Shorebreak Hotel as a venue for industry events. Cinematographer Louie Schwartzberg's "Moving Art Retreat" in June at Turtle Bay Resort. Details on Industry Insight.
The mood at Surf Expo last week was more positive and stable than the atmosphere at the show last January.
That show had come on the heels of economic collapse of the fall and discounting holiday disaster of 2008, which had manufacturers and retailers reeling at the time.
This year, retailers reported that holiday sales had stabilized with some retailers up or down slightly.
Surf Expo added a few new features to the January show this year including a Stand Up Paddle area with a wide collection of board manufacturers and a demonstration pool. The area was busy during the show and SUP retailers were excited to see so many brands and equipment represented.
“The SUP area is huge,” said Mikke Pierson, co-owner of ZJ Boarding House in Santa Monica. “I’m the SUP buyer for our store and there’s probably a lot of brands over there I don’t even know. It’s a great chance to check them out – SUP is an important part of our business.”
Surf Expo Show Director Roy Turner said SUP has been a bright spot in the hardgoods market and Surf Expo is committed to supporting anything that sparks an interest in boardsports.
And because SUP has a substantial rental market, Surf Expo also found ways to introduce the resorts that exhibit at the show to SUP with demonstrations and information specifically targeted for resorts.
Since Surf Expo gets dinged by some in the action sports industry for the resort area of the show which is perceived as not cool, Roy said introducing resorts to SUP and SUP to the resort market was a good way to bring the two different worlds together and hopefully create a business opportunity for both sides.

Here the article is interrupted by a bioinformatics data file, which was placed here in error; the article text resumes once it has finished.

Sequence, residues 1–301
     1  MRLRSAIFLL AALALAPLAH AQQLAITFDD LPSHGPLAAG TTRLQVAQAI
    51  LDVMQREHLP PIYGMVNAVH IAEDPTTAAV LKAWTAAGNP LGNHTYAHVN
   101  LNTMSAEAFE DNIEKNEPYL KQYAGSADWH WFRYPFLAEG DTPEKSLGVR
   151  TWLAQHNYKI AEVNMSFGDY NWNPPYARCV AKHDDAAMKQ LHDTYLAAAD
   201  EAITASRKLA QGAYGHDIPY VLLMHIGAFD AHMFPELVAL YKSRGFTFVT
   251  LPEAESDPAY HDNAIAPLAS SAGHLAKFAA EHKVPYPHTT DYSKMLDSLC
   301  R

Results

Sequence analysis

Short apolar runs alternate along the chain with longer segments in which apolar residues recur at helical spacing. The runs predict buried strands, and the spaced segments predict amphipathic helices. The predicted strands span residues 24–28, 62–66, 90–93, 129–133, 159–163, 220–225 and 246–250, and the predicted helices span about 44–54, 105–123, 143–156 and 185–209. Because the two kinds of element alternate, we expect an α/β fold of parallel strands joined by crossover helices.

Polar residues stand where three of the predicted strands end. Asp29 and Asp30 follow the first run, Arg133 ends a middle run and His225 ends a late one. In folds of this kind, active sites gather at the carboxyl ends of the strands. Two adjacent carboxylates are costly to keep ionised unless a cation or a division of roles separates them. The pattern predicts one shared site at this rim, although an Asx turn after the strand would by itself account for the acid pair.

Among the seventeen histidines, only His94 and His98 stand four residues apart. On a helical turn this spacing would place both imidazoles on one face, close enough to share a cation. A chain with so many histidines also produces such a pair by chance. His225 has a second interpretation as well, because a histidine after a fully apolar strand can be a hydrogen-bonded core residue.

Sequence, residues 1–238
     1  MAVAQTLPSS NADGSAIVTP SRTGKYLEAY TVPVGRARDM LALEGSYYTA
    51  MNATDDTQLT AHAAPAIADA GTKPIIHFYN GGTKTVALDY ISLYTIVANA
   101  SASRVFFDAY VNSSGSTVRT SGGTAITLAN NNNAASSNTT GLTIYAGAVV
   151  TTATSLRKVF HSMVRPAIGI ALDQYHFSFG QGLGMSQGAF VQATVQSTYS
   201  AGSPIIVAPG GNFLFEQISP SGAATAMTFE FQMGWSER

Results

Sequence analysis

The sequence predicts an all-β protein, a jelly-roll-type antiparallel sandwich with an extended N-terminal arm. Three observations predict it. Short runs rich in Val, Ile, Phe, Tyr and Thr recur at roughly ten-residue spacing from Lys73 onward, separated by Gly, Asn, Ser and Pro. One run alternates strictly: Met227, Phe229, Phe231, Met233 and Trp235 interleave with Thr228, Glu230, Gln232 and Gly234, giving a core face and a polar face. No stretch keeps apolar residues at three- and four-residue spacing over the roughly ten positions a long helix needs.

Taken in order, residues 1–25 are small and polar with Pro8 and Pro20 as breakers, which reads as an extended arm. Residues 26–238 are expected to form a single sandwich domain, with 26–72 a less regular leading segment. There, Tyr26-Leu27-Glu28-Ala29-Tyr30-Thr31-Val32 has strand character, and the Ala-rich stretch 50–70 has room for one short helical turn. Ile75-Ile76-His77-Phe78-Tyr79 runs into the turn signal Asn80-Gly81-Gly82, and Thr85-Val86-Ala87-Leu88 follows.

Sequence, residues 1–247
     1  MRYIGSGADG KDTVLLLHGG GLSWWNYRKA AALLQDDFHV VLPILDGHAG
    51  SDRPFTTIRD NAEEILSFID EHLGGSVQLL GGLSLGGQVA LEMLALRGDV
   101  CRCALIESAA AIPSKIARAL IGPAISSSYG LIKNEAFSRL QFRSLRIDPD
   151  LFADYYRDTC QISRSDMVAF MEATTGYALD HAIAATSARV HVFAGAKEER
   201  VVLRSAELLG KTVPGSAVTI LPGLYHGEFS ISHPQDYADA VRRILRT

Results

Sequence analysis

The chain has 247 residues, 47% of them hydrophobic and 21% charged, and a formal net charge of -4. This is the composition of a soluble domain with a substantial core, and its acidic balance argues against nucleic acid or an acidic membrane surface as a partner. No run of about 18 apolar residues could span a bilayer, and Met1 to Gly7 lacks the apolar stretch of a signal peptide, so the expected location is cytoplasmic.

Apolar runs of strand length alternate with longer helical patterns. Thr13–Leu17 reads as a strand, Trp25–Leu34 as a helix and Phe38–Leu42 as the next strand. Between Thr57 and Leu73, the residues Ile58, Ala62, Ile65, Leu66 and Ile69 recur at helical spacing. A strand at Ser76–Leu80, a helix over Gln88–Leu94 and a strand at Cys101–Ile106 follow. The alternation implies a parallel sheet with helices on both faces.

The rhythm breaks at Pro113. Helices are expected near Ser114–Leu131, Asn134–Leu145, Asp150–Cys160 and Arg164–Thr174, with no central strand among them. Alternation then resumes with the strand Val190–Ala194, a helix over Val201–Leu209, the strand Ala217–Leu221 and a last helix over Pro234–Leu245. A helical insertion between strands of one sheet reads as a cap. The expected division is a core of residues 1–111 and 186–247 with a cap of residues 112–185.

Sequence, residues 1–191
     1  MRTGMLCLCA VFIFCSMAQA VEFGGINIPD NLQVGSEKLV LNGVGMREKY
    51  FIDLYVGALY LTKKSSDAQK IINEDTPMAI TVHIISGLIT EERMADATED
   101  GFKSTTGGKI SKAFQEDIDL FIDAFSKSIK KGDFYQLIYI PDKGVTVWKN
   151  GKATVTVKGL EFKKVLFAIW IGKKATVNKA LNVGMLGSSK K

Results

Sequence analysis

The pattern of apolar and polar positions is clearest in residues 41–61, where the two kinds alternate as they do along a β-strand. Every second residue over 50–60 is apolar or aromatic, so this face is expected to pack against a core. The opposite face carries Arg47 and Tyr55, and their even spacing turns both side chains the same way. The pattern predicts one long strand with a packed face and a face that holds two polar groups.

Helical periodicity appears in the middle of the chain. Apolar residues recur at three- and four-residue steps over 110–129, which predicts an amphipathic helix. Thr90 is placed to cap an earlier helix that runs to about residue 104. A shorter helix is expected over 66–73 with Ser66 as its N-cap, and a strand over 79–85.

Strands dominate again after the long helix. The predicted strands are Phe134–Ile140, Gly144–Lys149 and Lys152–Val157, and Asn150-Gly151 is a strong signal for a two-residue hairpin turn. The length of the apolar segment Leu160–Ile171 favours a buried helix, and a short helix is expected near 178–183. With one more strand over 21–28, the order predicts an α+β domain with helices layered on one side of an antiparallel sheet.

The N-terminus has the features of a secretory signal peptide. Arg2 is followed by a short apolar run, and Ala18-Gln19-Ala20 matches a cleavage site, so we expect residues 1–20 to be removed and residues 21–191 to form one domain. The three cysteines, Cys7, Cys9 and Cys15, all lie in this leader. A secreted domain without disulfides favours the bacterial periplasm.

Also new to the floor was the Bangers for Bucks skate contest where 10 skate teams from key retail shops competed. The goal was to involve important shops in the show and give manufacturers an opportunity to get exposure in those stores. The prizes included product from brands that the stores can stock and sell.
Roy said both retailers and manufacturers win with the contest – retailers get free product for their stores and manufactures get their product in the store.
Plus, it brought important skate retailers to the show, which in turn enticed many skate brands to attend.
Skate retailers and manufacturers that attended the International Association of Skateboard Companies meeting with the Board Retailers Association during the show praised Roy for putting excitement back in the skate area.
Overall, Roy said 100 new companies exhibited at the show vs. last January. However, some of the big companies took smaller booths. Roy said total show revenues would turn out within 10% of last year’s totals and the show remains “very profitable.”
Roy said Surf Expo sent upwards of six figures to get buyers to the show, and several brand executives told me the most important aspect of the show was that the right buyers were there.
“We’ve been slammed all day,” Sanuk President John Vance told me Thursday.
Dac Clark, president of C&C Companies, which has the license for Sanuk, said a lot of accounts that previously didn’t want to bring Sanuk into their stores were spending time at the Sanuk booth.